As New Zealand’s gambling regulator, we work to ensure New Zealanders can enjoy safe and fair gambling that efficiently and equitably contributes to community wellbeing. Subscribe to our newsletter Read Gambits for information about the Department’s recent work and significant issues in the gambling sector. New Zealand gambling laws We regulate, audit and investigate all casino and non-casino gambling. Classes of gambling The classification of gambling is based on the amount of money spent and the risk of problem gambling associated with an activity. Problem gambling in New Zealand We work closely with the gambling sector and problem gambling treatment providers to prevent and minimise harm.
All gaming machines in pubs and clubs must be connected to the EMS, which tracks and monitors operations. Gambling technical equipment All licensed gambling equipment must comply with minimum standards made under the Gambling Act 2003. Information for gaming machine societies, venue operators, casinos, sector organisations and the community in general. Statistics Numbers and types of societies licensed to operate gaming machines at approved venues. Annual expenditure statistics on the four main types of gambling are also available. Consultations We’re frequently consulting on ways to improve compliance with the Gambling Act and on the development of new rules. Forms and guidelines Class 3, Class 4 and Casino Gambling licence application forms and guidelines are available online for you to download. Prohibited gambling activities Certain types of gambling and the promotion of overseas gambling is illegal in New Zealand. The laws are enforced and penalties can apply.
Information for territorial authorities Information for territorial authorities reviewing their gambling venue policies. How to contact us Call the Gambling Group on 0800 257 887 or contact one of our regional offices. Gambling provides a source of funding for community groups Gambling and lottery activities provide funds for community groups through grants. Citizens’ Advice Bureaux, and often at gaming machine venues. You must send your application directly to the society and not through a venue. The society must deal with you directly and not communicate with you through the venue. Information for existing or prospective gambling businesses including what types of licence you may need, how much they cost and the licence conditions and codes of practice that apply to your licence. Are the activities you intend to provide covered in the Gambling Act 2005? Regulatory action Licence holders who do not follow rules and regulations aimed at ensuring gambling is fair, safe and crime-free can expect regulatory action.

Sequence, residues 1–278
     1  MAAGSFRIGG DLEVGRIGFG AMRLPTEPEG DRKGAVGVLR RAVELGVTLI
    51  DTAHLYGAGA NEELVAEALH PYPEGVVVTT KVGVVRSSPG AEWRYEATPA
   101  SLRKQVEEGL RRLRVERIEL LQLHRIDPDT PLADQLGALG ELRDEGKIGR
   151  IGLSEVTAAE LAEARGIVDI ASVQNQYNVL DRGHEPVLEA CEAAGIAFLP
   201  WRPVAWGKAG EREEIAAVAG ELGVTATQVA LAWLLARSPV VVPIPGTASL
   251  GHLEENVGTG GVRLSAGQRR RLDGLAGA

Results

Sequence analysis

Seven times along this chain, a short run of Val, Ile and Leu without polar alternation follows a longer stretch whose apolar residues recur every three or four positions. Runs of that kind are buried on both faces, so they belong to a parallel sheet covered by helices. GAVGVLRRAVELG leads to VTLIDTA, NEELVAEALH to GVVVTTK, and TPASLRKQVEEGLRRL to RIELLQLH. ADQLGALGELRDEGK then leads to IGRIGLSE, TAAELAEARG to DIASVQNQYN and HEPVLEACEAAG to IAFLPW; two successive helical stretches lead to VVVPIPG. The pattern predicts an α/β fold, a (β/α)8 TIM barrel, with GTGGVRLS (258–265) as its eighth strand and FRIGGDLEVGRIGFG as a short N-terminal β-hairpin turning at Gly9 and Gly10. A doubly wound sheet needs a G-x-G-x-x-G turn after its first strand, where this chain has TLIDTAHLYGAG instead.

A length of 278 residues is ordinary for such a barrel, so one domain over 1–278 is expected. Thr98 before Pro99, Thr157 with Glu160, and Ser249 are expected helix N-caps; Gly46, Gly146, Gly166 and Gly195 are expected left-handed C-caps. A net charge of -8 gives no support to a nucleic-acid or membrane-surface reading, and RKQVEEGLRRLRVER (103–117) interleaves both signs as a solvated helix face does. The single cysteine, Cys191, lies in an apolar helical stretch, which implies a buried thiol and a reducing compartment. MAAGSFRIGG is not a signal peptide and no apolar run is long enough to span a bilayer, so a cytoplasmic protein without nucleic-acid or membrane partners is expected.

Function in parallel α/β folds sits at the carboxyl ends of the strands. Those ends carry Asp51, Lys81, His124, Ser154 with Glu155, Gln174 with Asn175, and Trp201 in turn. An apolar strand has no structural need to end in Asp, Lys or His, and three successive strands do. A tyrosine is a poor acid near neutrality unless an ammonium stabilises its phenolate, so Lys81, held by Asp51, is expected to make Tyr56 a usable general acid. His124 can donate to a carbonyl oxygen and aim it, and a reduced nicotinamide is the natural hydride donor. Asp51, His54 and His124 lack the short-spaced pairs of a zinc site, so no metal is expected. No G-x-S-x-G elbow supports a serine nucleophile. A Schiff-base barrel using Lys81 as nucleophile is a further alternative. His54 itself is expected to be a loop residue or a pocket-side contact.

Licensing authorities have a requirement to develop, consult on, and publish a statement of licensing policy every three years with regards to the principles you propose to apply in exercising your functions under the Gambling Act 2005. We are required to issue this guidance to help you. Use the search box below to search within the GLA or the navigation to browse to the section you need. Gambling in India is heavily restricted except for selective categories including lotteries and horse racing. In the 21st century, more people have started making cash bets upon prohibited betting and gambling activities in India. Critics of gambling claim that it leads to crime, corruption and money laundering, while proponents of regulated gambling argue that it can be a huge source of revenue for the state. Casinos now operate in Goa, Daman and Sikkim.
Gambling is a state subject, and only states in India are entitled to formulate laws for gambling activities within their respective states. The Public Gambling Act of 1867 is a central law that prohibits running or being in charge of a public gaming house. 200 or imprisonment of up to 3 months. Additionally, this Act prohibits visiting gambling houses. 100 or imprisonment of up to one month is the penalty. Indian law classifies games into two broad categories viz. Madras case to which we were referred.